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MELCHOR DILIZO LAGASCA, petitioner,

vs.
VICENTE DE VERA, FRANCISCO ENAGE and LEOPOLDO ROVIRA,
respondents HELD: NO

FACTS:
☺ As described by the Code, a political party is "an organized group
• In communications addressed to the Commission on Elections, of persons pursuing the same political ideals in a government."
Reverend Melchor Dilizo Lagasca, herein petitioner, signed himself There cannot be any quarrel that the platform of the Goodwill
as President of the Goodwill Party, asking that the latter be Party embodies many ideals of a political character. But
recognized as a duly organized political party, that its party ticket be nowhere appears the existence of "an organized group of
printed on the official ballots for national officers, and that it be persons" pursuing said ideals. Petitioner's claim of a
granted the right to propose election inspectors in connection with the membership of 453,989 individuals is not enough. It is necessary
elections to be held on November 11, 1947. that there should be "an organized group." There is absolutely no
evidence on record as to the existence of an organized group of
• The Commission on Elections denied petitioner's prayers upon the persons that composed the so-called Goodwill Party.
conclusion that the so-called Goodwill Party is not a political party as
contemplated in the Election Code under the following reasons:
o He could not produce any evidence to show that the Goodwill
Party is composed of or supported by a more or less known
group of people pursuing the same political ideas(lofty object ☺ In order that a group of persons be organized, it is necessary
of promoting brotherhood among mankind) that all of them be joined in a corporate body, articulate,
with the attributes of a social personality. A constitution,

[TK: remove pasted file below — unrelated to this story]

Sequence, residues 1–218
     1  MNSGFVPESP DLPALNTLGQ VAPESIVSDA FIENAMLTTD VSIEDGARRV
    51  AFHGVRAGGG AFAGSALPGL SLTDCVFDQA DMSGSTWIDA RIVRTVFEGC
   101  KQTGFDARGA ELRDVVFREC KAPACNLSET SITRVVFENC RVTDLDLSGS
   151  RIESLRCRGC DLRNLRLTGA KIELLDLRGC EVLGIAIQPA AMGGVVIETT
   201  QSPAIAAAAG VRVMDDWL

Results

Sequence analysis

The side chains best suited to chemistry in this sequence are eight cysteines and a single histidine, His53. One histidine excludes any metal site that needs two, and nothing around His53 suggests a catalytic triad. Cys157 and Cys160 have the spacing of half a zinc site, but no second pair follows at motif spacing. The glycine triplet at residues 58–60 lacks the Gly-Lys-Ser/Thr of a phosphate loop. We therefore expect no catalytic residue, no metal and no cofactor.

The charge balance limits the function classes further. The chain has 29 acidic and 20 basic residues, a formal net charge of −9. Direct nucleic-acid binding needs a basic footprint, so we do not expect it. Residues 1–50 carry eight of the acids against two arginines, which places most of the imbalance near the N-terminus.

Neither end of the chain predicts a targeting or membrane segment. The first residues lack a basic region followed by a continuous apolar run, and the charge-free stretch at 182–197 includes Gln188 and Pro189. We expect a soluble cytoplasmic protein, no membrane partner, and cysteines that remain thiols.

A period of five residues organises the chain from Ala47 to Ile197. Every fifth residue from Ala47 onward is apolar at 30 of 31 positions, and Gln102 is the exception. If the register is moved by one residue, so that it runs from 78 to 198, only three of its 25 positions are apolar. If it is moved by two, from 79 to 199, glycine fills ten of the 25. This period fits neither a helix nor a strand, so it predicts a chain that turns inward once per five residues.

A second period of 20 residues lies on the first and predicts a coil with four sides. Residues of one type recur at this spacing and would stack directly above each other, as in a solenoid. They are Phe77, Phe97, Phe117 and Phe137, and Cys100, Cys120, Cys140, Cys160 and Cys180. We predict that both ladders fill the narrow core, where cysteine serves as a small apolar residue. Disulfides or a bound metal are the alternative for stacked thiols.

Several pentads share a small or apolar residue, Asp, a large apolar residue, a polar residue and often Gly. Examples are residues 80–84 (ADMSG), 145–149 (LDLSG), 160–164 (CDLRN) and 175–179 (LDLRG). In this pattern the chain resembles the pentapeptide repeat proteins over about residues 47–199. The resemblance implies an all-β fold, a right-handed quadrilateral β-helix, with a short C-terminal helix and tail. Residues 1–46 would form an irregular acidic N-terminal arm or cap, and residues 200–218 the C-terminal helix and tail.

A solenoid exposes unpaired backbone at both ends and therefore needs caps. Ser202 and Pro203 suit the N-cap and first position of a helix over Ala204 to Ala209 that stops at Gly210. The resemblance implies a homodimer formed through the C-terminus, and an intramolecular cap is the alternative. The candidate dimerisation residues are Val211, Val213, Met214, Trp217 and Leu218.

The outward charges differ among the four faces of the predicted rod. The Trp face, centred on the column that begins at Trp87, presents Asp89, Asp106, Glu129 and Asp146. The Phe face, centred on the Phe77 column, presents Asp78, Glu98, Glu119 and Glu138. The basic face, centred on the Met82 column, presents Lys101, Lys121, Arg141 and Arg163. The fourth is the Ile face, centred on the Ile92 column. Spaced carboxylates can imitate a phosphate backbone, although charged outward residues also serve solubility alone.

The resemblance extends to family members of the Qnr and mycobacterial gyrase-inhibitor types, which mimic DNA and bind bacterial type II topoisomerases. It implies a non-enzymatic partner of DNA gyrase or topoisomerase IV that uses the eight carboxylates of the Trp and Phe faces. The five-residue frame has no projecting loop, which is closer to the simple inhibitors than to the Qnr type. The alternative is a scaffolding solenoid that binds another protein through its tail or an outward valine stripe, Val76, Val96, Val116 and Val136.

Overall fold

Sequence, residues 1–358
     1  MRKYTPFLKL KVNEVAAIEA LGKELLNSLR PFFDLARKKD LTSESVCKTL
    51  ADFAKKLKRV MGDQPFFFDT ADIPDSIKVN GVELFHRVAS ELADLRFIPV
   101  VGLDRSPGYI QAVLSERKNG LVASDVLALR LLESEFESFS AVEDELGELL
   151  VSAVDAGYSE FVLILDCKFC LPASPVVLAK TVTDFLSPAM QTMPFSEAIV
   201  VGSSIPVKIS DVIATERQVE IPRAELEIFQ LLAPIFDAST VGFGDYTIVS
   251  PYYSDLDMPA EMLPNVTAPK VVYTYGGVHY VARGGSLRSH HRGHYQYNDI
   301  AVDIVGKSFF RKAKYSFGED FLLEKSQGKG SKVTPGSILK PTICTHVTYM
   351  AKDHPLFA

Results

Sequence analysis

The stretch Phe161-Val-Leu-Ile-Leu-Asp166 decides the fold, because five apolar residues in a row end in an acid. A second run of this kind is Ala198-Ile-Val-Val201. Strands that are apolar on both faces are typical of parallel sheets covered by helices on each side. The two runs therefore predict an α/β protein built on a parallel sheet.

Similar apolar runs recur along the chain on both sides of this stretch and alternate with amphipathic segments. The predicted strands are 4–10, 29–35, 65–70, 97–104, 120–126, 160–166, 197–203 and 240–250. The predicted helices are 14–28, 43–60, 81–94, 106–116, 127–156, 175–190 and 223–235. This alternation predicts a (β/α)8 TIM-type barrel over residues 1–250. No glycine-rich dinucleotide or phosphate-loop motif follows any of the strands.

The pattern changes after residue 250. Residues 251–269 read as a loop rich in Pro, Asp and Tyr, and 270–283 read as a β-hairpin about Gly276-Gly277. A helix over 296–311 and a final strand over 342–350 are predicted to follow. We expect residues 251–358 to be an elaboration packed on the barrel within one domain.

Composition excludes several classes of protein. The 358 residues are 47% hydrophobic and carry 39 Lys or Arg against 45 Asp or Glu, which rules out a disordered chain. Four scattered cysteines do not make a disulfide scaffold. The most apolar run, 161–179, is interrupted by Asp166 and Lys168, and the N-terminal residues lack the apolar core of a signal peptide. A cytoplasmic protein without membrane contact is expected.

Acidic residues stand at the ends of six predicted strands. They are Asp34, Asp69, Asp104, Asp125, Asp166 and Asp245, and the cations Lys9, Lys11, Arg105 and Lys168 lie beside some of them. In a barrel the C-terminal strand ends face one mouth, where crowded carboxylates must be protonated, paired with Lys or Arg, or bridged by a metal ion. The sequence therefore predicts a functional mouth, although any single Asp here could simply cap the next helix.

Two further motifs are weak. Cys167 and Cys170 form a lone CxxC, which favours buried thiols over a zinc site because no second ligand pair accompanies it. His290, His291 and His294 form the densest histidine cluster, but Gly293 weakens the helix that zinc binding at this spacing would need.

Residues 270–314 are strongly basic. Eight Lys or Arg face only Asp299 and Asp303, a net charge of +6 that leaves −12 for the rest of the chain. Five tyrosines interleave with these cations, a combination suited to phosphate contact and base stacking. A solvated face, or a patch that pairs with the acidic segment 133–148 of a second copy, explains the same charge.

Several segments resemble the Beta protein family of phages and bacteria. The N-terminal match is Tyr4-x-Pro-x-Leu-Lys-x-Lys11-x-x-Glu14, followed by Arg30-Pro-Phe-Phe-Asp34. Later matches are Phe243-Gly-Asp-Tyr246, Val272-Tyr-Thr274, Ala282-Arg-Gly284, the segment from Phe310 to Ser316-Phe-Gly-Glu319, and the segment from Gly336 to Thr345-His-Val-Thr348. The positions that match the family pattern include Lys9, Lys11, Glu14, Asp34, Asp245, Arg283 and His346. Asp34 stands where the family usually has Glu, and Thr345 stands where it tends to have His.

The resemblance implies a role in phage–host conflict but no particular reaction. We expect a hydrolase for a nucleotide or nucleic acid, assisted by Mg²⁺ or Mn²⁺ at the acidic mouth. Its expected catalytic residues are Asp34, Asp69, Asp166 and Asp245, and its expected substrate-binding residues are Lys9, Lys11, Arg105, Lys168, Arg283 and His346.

o Mr. Lagasca limited himself to presenting to this
by-laws, rules, or some kind of charter is needed so as to
Commission unsigned mimeograph copies of the "creed and give existence to the organization. Some kind of agreement,
platform" of the Goodwill Party without stating how, when written or unwritten, must exist on how the group is to function,
and by whom said "creed and platform" was adopted and to be presided over, and how it is to express its collective will.
ratified”. Nothing of that sort has been shown in regard to the Goodwill
o the Goodwill Party or the National Welfare Services, Inc., Party.
does not have a fixed address where this Commission may
send its communications.

• Petitioner seeks review of the decision. He alleges that the ☺ We are constrained to conclude that, upon the facts found by the
Commission on Elections abused its discretion in not recognizing the Commission on Elections in its decision of August 27, 1947,
Goodwill Party as a political party as defined by section 80 of the which were not disproved by petitioner, the so-called Goodwill
Revised Election Code, which reads as follows: Party is not a political party.

Definition of political party. — Political Party or, simply


party, when used in this Code, means an organized group of persons
pursuing the same political ideals in a Government and includes its
branches and divisions.

ISSUES:
Whether the Goodwill Party is a political party under the purview of
the Election Code

Zenaida Resuma Razon


Election Laws